How did our legends really begin?

Steve Conner looks at a new book by Peter Witzel that argues that the world’s myths have common origins: How did our legends really begin? – Features – Books – The Independent.

The similarity of the narratives could be just coincidence. Each culture might just have devised its own folklore independently of the other, coming to surprisingly similar storylines. But many myths seem to share similar incidents, characters or narrative structures, whether they derive from classical Greece or the ancient mythologies of Egypt, Mesopotamia, Japan or India.

When you start looking at these similarities you begin to wonder whether they could have had a common origin, perhaps carried from one part of the world to another as Palaeolithic peoples migrated over many thousands of years to colonise new lands. Could the legends and folklores of the world be connected in the sense that they stem from a common origin, passed down by word of mouth over several thousand generations?

This, fundamentally, is the radical idea of Peter Witzel, a Harvard University linguist and philologist, who has drawn on the scientific disciplines of molecular genetics, physical anthropology, archaeology, and his own field of linguistics to propose that the world’s many mythologies have a common origin – similar to the evolution of related species from a long-extinct common ancestor.

The obvious objection to this is all the evidence that oral myths evolve constantly, and the idea of stories holding even a semblance of their original shape across tens of thousands of years seems pretty implausible.

This would mean that some myths have survived being told over somewhere in the region of 3,000 generations. Surely, this is impossible given our experience of how stories are misconstrued by Chinese whispers when related from one person to the next?

“The setting of telling myths is different from that of Chinese whispers,” Witzel says. “Such myths are told in a formal, ritual, sometimes secret setting. Their telling is also different from that of stories for the amusement of children. Frequently myths are transmitted in a formal way from teacher to student, for example from shaman to apprentice.”

That explanation, which amounts to asserting that since people took these stories more seriously, they were less likely to have evolved.  In my mind, that simply flies in the face of what has been observed in oral cultures.  During colonial times, native peoples who had been contacted by Europeans, but then left alone for a century or so before being recontacted by later Europeans, had only the haziest legends of the first initial contact.  And archaeology shows that most ancient cultures had very inaccurate views of their own societies even a few centuries earlier, and none had preserved any accurate view of the hunter gatherer ages.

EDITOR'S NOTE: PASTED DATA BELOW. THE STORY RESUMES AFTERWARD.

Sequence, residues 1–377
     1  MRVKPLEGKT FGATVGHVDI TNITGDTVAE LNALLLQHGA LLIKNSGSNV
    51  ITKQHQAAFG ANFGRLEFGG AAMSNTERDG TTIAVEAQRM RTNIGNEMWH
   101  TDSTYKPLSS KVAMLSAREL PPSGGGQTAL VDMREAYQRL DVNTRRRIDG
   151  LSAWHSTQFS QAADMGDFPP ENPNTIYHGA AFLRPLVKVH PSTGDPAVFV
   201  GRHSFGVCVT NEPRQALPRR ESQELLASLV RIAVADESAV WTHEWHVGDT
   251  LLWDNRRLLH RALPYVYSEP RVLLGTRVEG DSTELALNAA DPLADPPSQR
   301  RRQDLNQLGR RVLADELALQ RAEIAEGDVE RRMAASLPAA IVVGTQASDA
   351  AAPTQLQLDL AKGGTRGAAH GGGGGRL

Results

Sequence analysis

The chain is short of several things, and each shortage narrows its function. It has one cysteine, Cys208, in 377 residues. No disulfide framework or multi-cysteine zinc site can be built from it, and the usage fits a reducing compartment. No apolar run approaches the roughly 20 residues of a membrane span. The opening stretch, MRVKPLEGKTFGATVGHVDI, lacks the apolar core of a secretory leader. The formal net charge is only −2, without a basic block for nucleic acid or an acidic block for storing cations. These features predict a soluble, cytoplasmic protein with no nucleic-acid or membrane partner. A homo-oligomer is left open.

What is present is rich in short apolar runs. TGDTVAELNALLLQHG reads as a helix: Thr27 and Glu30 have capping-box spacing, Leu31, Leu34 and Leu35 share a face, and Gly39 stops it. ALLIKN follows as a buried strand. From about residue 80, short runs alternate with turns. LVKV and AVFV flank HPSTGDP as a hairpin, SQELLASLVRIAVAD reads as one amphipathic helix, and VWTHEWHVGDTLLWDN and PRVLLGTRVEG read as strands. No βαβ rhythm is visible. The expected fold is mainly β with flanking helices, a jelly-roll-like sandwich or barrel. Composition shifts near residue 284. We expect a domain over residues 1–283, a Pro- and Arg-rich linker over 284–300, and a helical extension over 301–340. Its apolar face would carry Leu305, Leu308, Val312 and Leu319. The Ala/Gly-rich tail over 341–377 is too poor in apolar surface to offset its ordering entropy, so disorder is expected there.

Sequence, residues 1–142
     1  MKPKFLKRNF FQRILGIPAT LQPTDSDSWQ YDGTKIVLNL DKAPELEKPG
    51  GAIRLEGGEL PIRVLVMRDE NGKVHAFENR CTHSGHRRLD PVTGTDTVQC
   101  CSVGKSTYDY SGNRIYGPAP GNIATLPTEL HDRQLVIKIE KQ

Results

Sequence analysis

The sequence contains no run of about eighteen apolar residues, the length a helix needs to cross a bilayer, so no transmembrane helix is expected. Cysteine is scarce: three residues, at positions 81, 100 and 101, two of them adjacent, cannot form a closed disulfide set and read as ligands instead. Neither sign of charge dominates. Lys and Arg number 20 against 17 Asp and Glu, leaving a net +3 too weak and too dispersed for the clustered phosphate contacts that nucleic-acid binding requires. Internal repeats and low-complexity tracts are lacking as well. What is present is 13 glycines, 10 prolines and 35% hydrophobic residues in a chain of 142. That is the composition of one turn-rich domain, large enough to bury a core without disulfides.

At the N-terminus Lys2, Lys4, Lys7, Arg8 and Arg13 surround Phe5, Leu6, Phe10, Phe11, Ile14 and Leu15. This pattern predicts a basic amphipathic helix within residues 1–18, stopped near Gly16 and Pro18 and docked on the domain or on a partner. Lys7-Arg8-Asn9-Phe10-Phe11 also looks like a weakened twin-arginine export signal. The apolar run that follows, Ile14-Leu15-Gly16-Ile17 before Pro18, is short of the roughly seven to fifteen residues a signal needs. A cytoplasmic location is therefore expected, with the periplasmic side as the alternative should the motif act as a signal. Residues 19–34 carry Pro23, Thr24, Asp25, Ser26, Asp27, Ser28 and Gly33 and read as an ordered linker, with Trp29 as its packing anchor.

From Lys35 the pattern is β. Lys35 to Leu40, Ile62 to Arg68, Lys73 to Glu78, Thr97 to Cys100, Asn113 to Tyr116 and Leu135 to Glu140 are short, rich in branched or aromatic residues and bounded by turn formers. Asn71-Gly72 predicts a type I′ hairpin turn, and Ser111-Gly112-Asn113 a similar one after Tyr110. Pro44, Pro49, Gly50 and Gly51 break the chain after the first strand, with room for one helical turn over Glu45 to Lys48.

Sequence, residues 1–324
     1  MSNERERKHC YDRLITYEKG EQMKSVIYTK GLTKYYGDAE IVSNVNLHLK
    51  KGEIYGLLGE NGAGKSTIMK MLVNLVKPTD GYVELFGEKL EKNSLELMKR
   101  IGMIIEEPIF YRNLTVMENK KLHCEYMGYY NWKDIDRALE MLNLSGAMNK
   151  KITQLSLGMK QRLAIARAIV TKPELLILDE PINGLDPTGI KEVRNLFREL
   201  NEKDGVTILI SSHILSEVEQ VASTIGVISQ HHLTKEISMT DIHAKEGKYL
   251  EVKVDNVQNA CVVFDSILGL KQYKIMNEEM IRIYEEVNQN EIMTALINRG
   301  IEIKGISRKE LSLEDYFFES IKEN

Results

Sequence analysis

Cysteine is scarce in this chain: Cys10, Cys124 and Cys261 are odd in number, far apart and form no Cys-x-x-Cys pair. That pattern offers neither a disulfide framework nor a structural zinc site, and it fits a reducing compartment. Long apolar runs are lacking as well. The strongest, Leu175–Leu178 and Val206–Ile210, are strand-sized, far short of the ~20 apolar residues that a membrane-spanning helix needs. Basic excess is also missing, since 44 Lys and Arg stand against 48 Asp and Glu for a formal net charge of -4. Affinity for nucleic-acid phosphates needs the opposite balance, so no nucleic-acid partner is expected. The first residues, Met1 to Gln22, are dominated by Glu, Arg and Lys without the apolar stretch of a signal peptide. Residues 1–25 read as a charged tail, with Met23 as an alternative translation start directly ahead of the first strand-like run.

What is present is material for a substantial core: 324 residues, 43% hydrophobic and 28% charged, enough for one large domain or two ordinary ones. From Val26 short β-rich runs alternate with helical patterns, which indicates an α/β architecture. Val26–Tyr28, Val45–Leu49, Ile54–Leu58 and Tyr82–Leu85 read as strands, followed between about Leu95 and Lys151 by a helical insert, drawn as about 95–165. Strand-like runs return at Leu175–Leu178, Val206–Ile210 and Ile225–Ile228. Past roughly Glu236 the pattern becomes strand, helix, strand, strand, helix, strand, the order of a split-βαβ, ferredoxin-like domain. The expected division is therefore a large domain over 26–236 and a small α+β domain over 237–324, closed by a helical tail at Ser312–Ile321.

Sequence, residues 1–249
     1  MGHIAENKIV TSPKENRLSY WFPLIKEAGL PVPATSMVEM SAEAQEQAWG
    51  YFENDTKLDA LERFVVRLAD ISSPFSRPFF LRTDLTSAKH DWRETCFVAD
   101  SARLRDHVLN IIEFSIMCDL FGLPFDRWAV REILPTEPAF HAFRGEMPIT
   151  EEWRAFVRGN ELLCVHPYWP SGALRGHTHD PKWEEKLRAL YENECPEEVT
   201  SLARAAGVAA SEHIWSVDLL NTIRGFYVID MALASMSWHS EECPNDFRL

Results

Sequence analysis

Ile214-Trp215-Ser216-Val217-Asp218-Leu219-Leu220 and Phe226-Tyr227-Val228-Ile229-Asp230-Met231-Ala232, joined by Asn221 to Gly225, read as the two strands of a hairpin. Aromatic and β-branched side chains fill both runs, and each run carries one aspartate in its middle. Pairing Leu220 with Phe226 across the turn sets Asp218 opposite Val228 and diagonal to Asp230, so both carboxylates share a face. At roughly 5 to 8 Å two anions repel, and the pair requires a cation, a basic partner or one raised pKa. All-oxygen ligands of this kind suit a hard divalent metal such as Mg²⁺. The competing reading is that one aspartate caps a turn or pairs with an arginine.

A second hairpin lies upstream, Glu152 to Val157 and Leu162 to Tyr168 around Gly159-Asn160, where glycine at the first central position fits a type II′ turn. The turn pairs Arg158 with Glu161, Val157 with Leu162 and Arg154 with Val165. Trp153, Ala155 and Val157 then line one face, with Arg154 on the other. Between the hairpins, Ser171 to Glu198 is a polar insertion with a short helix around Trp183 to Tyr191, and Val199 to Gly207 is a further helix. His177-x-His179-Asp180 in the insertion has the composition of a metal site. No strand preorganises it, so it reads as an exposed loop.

Rather than a common origin in the Pleistocene, I think a much more plausible explanation is that ancient cultures influenced each other “horizontally” a lot more than Witzel is giving them credit for.  Most of the myths we now have, such as the Odysseus-Cyclops example the article discusses, arose in the last few millenia, but then were transmitted between cultures, in the process becoming heavily modified in each culture.

Most linguists don’t see us being able to say much about language from more than 10,000 or so years ago.  Languages simply change too much to be able to know what it was like 20,000, 50,000, or 100,000 years ago.  I can’t see any reason why myths would be much different.  Until someone finds a 50,000 year old cave painting depicting one of these myths, I’m going to be skeptical.

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5 Responses to How did our legends really begin?

  1. Kimberly Richardson says:

    I have always wondered about the concept of a single source from whence all myths come from. The horizontal idea makes a lot of sense; I had not even considered such a possibility. Good post!

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  2. As well as vertical and horizontal transmission, there’s probably more coincidence that you might naively expect. Coincidence is acknowledge in the article, but I don’t think it’s treated seriously enough.

    Just as convergent evolution can produce organisms which appear more similar than their genetics would suggest, there may be reason to believe that very similar stories may have independent origins. The human condition is not so different in different cultures, and the same kinds of stories will tend to be told and passed down. If there is a particular story or trope that is resonant in one culture, it will likely be resonant in another. All it takes is for one person to come up with a similar idea for it to take off and be developed into a similar story elsewhere.

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    • Good point. I suspect it’s a combination of both. Any similarities between, say, Australian aboriginal and African San mythologies is probably more along those convergent lines than any horizontal transfer, if for no other reason than any opportunities for that transfer would have been extremely limited (probably non-existent).

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